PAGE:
Wednesday, July 1, 2015

My Country

I am sad.
I have been down since the murders of nine church members of the Emanuel African Methodist Episcopal Church in Charleston, South Carolina on June 17th, 2015.
This was a hate crime.
This is domestic terrorism.
This was a horrific attack on people, who I can imagine, opening their arms, minds, and hearts to a young white man who walked into their sanctuary. The following weekend I was in Massachusetts with a very good friend not paying any attention to the news. I was happy to see her and spend time with her. She is recovering well from surgery. It was a wonderful weekend.

But since returning home to regular life, the murdered people of this community have been on my mind. And today, the news has reported that since the Emmanuel AME murders, six black churches have burned down. The latest incident happened last night. A church burned by the KKK 20 years ago was once again ablaze. They are saying it was hit by lightning.

I am sad.
I am scared.
I am afraid for what is to come.

President Obama's response to the Emmanuel AME murders was barely masked anger:

Jon Stewart's response was outright anger:

Mine is a deep sadness for the loss of the incredible member's of our American community. It is a detrimental loss to us all. The victims: (copied from

  • Cynthia Marie Graham Hurd (54) – Bible study member and manager for the Charleston County Public Library system;
  • Susie Jackson (87) – a Bible study and church choir member
  • Ethel Lee Lance (70) – the church sexton
  • Depayne Middleton-Doctor (49) – a pastor who was also employed as a school administrator and admissions coordinator at Southern Wesleyan University
  • Clementa C. Pinckney (41) – the church 
  • pastor and a South Carolina state senator
  • Tywanza Sanders (26) – a Bible study member; nephew of Susie Jackson
  • Daniel Simmons (74) – a pastor who also served at Greater Zion AME Church in Awendaw
  • Sharonda Coleman-Singleton (45) – a pastor; also a speech therapist and track coach at Goose Creek High School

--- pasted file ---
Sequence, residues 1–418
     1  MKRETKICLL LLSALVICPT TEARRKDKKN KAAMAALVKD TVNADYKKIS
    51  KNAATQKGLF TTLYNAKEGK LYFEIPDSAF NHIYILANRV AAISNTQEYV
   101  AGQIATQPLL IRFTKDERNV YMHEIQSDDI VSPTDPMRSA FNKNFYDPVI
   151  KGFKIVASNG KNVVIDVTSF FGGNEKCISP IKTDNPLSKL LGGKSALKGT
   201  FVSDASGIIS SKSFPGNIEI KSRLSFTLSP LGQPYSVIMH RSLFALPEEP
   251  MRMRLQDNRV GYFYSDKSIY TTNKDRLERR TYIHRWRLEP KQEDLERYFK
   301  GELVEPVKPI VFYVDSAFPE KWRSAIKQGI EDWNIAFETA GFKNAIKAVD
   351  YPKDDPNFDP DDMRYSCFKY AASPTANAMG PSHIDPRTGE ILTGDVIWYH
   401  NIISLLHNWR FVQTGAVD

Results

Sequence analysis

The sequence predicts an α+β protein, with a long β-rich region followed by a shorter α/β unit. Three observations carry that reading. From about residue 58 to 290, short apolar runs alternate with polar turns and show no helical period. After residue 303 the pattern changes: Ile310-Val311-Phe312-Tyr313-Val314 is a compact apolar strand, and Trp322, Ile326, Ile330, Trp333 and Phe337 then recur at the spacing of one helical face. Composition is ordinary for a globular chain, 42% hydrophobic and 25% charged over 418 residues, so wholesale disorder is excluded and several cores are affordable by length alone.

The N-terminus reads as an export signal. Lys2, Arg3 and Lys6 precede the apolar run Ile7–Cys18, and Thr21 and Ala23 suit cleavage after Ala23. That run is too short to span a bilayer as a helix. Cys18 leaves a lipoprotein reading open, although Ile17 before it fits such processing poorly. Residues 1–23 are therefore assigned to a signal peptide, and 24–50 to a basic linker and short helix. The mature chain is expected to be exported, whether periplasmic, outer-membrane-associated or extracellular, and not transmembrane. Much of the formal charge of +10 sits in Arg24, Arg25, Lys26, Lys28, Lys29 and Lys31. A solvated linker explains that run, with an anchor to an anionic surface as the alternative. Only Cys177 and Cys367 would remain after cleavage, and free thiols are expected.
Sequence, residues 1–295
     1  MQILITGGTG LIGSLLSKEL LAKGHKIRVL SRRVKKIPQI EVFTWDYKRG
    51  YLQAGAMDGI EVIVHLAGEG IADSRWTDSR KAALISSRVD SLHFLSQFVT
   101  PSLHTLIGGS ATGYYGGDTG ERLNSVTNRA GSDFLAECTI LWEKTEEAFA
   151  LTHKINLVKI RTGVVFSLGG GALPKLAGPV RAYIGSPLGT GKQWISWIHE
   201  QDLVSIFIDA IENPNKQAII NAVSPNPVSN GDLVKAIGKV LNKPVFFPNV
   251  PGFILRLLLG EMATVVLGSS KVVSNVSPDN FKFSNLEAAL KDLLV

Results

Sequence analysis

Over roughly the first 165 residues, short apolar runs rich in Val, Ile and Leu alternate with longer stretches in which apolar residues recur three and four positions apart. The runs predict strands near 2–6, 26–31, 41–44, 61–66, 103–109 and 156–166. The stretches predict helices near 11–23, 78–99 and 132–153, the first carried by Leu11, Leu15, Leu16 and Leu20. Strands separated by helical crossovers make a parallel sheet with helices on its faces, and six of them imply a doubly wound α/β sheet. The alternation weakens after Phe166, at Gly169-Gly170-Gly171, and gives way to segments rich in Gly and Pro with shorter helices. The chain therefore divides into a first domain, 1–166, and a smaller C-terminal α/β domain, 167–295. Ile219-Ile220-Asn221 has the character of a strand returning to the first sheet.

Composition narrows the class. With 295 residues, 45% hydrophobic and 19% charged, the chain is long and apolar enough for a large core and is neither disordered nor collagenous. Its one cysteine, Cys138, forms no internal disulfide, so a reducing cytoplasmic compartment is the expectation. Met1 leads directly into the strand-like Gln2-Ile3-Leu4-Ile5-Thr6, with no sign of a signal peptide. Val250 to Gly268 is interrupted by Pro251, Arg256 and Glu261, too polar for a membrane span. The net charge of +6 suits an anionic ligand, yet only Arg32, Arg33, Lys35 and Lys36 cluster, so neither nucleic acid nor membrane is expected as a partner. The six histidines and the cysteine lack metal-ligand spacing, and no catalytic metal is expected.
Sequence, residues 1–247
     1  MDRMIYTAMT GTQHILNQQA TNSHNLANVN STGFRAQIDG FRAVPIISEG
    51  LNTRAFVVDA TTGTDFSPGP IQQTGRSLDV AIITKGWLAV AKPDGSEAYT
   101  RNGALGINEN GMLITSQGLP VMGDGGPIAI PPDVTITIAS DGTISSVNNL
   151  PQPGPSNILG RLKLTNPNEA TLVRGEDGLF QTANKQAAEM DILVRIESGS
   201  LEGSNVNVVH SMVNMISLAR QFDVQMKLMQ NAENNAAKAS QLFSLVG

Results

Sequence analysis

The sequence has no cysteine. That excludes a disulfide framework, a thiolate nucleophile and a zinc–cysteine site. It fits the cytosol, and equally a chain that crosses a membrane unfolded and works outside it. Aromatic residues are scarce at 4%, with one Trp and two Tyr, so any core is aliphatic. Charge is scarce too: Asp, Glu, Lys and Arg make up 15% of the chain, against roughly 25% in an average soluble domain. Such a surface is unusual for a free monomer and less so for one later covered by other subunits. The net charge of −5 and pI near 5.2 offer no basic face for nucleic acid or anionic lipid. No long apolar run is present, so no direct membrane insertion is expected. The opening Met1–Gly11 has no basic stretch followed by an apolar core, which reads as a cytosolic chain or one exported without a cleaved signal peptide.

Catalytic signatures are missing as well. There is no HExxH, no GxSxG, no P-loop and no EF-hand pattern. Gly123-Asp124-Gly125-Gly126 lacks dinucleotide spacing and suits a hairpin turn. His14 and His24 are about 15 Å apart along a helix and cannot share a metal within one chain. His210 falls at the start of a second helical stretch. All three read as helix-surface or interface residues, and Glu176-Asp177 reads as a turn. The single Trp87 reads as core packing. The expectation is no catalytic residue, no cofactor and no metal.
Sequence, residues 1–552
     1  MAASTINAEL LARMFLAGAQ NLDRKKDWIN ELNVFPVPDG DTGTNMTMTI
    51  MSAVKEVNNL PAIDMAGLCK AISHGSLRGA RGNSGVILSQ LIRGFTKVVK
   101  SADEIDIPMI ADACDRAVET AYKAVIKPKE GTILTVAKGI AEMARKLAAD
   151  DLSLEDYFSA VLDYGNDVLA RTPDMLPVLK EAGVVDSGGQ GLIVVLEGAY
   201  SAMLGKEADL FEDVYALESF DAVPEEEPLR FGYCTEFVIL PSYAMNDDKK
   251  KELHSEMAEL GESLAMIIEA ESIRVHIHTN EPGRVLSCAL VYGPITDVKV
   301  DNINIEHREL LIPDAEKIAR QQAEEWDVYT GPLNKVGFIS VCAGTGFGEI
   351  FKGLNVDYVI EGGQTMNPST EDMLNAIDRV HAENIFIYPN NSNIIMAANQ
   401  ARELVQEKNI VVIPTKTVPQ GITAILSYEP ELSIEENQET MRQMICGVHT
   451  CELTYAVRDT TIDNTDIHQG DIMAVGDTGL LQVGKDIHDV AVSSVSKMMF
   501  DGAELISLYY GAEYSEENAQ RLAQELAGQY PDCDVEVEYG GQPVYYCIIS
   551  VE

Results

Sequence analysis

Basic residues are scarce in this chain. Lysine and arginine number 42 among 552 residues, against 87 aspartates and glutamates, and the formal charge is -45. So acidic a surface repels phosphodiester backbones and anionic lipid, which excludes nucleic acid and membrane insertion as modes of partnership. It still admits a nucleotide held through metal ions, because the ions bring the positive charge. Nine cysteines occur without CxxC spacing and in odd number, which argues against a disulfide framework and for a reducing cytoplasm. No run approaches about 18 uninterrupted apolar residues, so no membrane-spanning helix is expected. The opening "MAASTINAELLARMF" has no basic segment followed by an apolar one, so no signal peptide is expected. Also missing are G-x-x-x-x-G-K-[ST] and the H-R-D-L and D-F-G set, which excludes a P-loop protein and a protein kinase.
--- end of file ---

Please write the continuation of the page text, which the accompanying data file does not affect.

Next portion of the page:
• Myra Thompson (59) – a Bible study teacher.

Rev. Pinckney was the same age that I am. 


Out of sadness, frustration, and respect, I watched President Obama's eulogy for Rev. Pinckney:

"Reverend Pinckney once said, 'Across the South, we have a deep appreciation of history -- we haven't always had a deep appreciation of each other's history.' What is true in the South is true for America. Clem understood that justice grows out of recognition of ourselves in each other. That my liberty depends on you being free, too. That history can't be a sword to justify injustice, or a shield against progress, but must be a manual for how to avoid repeating the mistakes of the past -- how to break the cycle. A roadway toward a better world. He knew that the path of grace involves an open mind -- but, more importantly, an open heart."

Before I watched the eulogy I was composing an angry post in my head: why are we still fighting a war that was supposed to have ended 150 years ago? But now, I want put more effort into living with an open mind - and an open heart.

Yesterday I walked by a church and saw this Eugene O'Neill quote:

Be the change that you wish to see in the world. - Mahatma Ghandi.

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